The eighth is fox drunke—when he is craftie drunke, as manie of the Dutchmen bee, that will never bargaine but when they are drunke.
Put some GIFs in there and update the language, and you'll be able to get at least a million clicks on that piece of literature.
Five fun facts about lists, in list format, because we need to include a list in an article about lists
- Of the 22 original HTML tags created by Tim Berners-Lee, seven of them are related to lists in some way, shape, or form.
- In 1978, Herman Zapf created an entire font dedicated to decorative typographic markings (such as bullet points) meant to be used in lists and other communicative elements. He called it Zapf Dingbats, and the typeface took on a life of its own during the desktop publishing age and with the rise of Microsoft Word and Powerpoint. Ironically, the most famous usage of the font didn't have anything to do with lists at all—in 1994, Ray Gun graphic designer David Carson took a boring interview with musician Brian Ferry and changed it into a Zapfstravaganza.
- Know how they always talk about actors being on the A List, the B List, and so on? There's actually a guy who puts that list together. For decades, journalist James Ulmer has been ranking celebrities on his Ulmer List based on bankability, professionalism, and willingness to promote a film. You can buy a copy here.
- Telephone books are essentially giant lists of numbers, and the first of those lists came out in 1878, when Connecticut's New Haven District Telephone Company put out a list of all the businesses and citizens with telephones. The 50-item list fit on a single sheet of 5.51-inch by 8.26-inch paper.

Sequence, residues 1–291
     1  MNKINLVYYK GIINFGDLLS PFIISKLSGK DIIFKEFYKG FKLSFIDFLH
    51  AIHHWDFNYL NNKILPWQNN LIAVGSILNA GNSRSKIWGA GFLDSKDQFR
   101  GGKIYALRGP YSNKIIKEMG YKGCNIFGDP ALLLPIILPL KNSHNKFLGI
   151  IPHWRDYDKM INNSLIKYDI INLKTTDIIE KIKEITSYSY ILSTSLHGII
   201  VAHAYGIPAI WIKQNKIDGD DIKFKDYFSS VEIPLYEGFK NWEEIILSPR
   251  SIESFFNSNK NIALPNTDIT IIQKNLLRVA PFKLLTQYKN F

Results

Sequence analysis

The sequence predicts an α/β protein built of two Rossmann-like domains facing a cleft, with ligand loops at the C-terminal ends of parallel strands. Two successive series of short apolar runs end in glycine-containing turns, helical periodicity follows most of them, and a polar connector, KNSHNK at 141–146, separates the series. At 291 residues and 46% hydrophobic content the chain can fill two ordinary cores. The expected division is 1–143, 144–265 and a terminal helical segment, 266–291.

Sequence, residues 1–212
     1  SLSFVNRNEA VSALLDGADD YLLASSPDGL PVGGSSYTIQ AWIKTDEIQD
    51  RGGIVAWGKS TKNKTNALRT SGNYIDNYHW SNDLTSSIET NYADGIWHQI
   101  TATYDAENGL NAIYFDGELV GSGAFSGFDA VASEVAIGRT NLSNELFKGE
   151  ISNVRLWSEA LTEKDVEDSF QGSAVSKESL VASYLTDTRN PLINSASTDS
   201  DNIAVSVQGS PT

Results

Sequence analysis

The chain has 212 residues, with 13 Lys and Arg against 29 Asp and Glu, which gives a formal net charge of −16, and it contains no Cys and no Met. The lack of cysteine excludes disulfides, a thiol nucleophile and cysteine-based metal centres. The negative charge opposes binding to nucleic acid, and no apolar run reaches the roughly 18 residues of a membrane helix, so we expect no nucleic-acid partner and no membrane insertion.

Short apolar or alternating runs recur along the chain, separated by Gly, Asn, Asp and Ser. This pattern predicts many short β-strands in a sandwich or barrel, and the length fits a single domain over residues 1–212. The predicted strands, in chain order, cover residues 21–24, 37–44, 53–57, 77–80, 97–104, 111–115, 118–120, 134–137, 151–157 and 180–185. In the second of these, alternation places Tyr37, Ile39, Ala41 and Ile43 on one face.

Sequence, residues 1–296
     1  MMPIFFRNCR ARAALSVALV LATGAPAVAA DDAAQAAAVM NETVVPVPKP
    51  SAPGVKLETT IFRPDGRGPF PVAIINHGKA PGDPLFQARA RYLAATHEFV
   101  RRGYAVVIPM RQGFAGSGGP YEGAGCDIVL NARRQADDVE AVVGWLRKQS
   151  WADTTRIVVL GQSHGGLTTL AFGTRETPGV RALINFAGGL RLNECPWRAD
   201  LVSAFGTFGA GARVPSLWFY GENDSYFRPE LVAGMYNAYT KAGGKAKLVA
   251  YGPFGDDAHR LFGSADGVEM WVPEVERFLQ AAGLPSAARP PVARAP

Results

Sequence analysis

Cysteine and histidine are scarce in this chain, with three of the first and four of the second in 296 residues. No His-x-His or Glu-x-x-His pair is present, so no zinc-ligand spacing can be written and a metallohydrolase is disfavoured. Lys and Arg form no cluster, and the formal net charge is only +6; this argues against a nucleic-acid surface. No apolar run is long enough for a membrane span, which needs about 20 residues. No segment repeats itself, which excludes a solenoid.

- Benjamin Franklin may have been one of the earliest advocates of the to-do list. His productivity tricks are still used by some people to this day, as is his list of "13 Virtues."
The number of users on Trello, an organizational app that essentially allows users to create lists of lists. 1.7 million of those users log in every month, many enchanted by the idea of making lists for just about everything. (Lists are big among businesspeople, obvs.)
Lists take the guesswork out of learning new things. We don't have to parse the information with quite as much thought or heavy lifting, and it naturally helps us organize things that may not fit so easily into other formats.
Recently, my wife has picked up an addiction to a site called Listverse, which she says is even better than Wikipedia for late-night reading. The lists come from so many directions and suck you in. When you're done with one, off to the next one. It doesn't even matter what the list is about, honestly—you'll read to the end if the information it's presenting is interesting enough.
And the crazy part is that Listverse just has people submit these lists to them, without even knowing if said list is even going to be accepted, for the mere possibility of earning $100 for more than 1,500 words. (Warning to budding freelance list-makers: That's less than 7 cents per word. You can do better.)
But the site's publishers are honestly geniuses—they know that people love writing lists, so it's not even like actual work for most people.
Somewhere in this giant haystack of needles lies the Great American Listicle, and there's a chance that someone's clicking on it right now. Because we love lists.